Members of the genus Dirhinus
have been reared numerous times from tephritid puparia. The species of this genus burrow through the substrate to locate puparia. Oviposition is through the puparial wall onto the host pupa (Silvestri 1914). Silvestri (1914) brought Dirhinus giffardii
(Silvestri) from Africa to Hawaii, where it was propagated, released, and became established on medfly, Ceratitis capitata
. Later (1971), this species was introduced as a biological control agent in Bolivia against medfly (Bennett and Squire 1972).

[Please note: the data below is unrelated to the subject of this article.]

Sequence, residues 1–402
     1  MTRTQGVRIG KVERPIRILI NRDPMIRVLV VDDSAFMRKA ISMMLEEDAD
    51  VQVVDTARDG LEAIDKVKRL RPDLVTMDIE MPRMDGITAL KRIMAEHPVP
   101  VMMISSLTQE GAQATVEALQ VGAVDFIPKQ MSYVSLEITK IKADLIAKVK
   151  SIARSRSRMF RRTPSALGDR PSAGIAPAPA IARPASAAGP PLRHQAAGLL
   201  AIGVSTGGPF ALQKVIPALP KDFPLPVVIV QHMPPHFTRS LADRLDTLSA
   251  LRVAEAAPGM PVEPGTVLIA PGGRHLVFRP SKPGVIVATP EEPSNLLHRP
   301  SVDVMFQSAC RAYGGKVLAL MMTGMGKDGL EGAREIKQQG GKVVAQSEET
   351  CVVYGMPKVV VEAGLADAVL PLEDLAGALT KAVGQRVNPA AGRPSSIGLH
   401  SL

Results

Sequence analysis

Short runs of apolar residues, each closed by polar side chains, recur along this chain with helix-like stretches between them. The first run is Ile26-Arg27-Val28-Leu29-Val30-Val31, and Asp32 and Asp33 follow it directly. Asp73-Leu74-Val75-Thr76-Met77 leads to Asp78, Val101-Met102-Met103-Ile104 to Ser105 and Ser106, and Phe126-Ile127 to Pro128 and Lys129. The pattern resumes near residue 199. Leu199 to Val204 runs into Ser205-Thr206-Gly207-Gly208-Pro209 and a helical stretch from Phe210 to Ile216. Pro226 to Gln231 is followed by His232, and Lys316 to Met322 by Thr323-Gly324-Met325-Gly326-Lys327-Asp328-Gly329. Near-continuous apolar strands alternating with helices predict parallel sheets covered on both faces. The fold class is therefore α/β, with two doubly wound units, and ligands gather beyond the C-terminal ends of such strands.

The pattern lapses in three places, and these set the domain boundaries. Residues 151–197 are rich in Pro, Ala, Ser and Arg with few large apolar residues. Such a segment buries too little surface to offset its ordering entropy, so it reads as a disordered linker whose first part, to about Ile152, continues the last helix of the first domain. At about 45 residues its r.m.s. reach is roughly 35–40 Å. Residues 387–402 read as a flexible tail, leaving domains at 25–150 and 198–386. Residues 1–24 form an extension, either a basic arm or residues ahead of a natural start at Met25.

The species of Dirhinus can be readily recognized by the fact that the antennae are inserted in a deep concavity formed by two ridges extending out from the face (Figs. 1-3). In dorsal view, these appear as two horn-like protruberances.
Species in the genus Conura are also occasionally reared from fruit-infesting tephritids, but only rarely.
For additional information, see the Dirhinus and Dirhinus giffardii pages.